Handwriting is on the wall for cursive, but it’s still an important skill to learn

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“Sign here, please. “

Anyone who has ever accepted a UPS delivery, signed a school trip authorization form, or completed a legal document has probably heard this phrase.

But handwritten signatures may soon become a relic of the past. Fewer students are learning cursive writing in school, as evidenced by the fact that it is optional in Ontario, British Columbia and Newfoundland.

Many educators see no problem with this educational change. After all, computers are everywhere. Even handwritten signatures are replaced by electronic signatures and PIN codes.

If the only reason to learn cursive writing is the need to sign legal documents, maybe we should phase it out. But handwriting is useful for more than just signing documents. For example, a recent study published in the academic journal Frontiers in Psychology showed that handwriting engages the brain in more ways than typing on a keyboard.

These results are consistent with other studies. Hetty Roessingh is a professor at the University of Calgary and an expert in language and literacy. In her research, she discovered that handwriting helps children recognize letter shapes and plays an important role in their reading development.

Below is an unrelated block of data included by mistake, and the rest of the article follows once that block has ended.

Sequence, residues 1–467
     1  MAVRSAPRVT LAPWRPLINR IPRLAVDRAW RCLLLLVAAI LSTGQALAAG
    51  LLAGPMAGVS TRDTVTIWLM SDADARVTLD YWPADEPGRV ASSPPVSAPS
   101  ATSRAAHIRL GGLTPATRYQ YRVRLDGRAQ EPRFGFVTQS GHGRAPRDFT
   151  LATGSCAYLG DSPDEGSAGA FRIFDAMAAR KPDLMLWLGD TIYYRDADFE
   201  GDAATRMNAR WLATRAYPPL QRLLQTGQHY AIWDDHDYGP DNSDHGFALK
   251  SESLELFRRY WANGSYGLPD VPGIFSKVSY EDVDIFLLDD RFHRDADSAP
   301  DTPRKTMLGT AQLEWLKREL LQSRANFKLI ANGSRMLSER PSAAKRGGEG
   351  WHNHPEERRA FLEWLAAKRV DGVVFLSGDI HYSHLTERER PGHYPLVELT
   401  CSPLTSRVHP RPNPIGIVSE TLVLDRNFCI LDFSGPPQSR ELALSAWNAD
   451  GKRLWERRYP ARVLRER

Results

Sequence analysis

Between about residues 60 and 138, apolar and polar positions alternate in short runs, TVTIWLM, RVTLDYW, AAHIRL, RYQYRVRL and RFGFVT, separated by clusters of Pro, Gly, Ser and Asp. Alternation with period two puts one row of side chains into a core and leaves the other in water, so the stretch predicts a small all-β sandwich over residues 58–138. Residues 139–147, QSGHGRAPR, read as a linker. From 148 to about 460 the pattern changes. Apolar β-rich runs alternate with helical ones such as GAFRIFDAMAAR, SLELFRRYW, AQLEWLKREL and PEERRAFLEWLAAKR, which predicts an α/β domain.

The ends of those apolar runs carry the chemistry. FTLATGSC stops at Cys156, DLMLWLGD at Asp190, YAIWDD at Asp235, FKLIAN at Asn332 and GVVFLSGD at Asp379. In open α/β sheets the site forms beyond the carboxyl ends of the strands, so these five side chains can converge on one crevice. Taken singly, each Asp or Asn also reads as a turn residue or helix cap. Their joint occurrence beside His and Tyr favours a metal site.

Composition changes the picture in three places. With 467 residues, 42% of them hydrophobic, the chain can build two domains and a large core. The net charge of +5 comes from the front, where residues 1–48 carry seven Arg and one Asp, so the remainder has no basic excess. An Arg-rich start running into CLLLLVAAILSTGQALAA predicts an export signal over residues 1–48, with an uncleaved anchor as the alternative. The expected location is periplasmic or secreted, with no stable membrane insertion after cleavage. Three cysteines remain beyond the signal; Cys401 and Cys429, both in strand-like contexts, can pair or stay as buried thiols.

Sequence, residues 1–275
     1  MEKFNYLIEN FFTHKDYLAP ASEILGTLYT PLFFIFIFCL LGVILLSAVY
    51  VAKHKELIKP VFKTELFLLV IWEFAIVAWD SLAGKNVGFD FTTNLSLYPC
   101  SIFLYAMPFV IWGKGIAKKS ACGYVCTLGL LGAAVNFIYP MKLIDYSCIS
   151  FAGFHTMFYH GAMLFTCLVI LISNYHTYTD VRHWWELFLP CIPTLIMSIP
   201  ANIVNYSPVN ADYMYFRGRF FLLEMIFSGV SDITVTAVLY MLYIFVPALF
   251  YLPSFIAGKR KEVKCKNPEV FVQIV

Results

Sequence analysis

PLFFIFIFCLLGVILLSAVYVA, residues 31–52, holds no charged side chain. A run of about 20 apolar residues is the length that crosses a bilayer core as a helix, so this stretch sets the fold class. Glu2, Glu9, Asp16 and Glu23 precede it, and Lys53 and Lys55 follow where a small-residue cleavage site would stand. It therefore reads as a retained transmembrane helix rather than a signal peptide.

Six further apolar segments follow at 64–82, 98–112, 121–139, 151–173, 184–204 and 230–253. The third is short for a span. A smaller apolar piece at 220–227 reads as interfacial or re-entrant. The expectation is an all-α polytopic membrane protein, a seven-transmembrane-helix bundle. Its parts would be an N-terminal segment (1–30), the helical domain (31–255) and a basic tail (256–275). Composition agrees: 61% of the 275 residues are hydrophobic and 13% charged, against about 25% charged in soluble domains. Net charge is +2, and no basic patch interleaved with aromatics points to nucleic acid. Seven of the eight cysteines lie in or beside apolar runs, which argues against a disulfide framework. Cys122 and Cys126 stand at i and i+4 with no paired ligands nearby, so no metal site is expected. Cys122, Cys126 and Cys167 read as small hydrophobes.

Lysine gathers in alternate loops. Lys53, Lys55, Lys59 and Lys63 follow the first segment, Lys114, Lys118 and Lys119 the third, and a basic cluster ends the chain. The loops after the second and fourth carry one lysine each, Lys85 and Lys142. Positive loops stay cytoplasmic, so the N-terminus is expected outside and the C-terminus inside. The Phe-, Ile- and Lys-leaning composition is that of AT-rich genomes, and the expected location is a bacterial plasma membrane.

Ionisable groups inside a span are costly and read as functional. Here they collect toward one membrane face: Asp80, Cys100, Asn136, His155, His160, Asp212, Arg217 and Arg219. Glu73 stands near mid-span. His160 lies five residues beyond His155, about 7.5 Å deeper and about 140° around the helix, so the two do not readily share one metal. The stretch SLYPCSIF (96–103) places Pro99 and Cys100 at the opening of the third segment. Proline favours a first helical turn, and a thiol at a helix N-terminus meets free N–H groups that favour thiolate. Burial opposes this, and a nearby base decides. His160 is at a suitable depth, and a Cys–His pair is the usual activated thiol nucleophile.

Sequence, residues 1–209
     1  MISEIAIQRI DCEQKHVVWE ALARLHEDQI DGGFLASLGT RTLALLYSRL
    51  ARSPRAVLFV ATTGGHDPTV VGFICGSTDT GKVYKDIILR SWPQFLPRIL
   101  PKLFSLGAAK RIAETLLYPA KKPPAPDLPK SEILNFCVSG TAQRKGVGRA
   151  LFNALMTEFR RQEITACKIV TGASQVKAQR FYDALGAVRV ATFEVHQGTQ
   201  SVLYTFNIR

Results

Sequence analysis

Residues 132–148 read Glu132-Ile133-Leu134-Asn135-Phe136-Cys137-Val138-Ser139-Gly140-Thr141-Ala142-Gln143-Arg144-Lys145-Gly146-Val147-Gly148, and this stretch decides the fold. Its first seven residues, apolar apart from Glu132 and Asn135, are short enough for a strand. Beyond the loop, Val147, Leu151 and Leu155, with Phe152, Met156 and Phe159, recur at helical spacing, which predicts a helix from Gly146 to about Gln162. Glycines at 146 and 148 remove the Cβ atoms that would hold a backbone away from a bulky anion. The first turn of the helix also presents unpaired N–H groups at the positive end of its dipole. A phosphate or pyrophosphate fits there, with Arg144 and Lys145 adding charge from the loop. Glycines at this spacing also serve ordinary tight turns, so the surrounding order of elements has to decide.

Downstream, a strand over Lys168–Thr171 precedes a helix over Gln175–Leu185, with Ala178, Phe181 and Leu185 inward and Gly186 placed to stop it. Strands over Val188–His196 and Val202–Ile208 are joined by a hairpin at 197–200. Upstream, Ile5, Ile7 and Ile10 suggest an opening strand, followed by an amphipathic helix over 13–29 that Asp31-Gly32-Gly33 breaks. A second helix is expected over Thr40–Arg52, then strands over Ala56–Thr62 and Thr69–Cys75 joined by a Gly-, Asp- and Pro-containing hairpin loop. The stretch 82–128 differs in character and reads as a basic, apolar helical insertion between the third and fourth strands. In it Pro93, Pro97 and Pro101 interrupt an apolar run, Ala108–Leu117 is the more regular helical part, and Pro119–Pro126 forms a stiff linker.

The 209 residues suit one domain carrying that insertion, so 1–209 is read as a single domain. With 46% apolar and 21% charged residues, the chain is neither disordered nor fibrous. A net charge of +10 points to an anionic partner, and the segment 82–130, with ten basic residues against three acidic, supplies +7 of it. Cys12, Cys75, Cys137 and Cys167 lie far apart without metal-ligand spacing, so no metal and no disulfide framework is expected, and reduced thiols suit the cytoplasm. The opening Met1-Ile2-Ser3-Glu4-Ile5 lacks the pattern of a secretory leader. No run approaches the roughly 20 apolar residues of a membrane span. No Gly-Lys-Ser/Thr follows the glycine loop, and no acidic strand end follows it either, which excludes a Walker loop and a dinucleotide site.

According to Roessingh, linking letters in a script allows students to write faster and helps them move information from their short-term memories to their long-term memories. Students who are fluent in handwriting may engage in more difficult text, as more information will be transferred to their long-term memories.

Interestingly, handwriting remains useful long after students have finished elementary school. In 2014, Pam Mueller and Daniel Oppenheimer published research showing that university students who took notes by hand retained much more information than students who used laptops.

Mueller and Oppenheimer attributed their findings to the fact that students who wrote notes by hand usually summarized main ideas in their own words, and because the information was processed by their brains. This helped the students retain key concepts in their long term memory.

In contrast, laptops made it easy for students to transcribe verbatim lessons without processing the material in their brains, leaving students with a lesser level of understanding. Obviously, it makes sense for students to use the method that helps them retain as much knowledge as possible.

However, this will only happen if students learn to write by hand in the first place. If students do not learn to handwrite in school, it is unlikely that they will acquire this skill as adults.

Learning does not come automatically. For most students, this is really hard work because our brains are not naturally wired to read and write. To achieve mastery, these skills must be explicitly taught, regularly practiced and constantly reinforced.

The evidence is clear that handwriting remains a useful skill. If students who graduate from high school can’t even sign their own names, they’ve missed a very important lesson.


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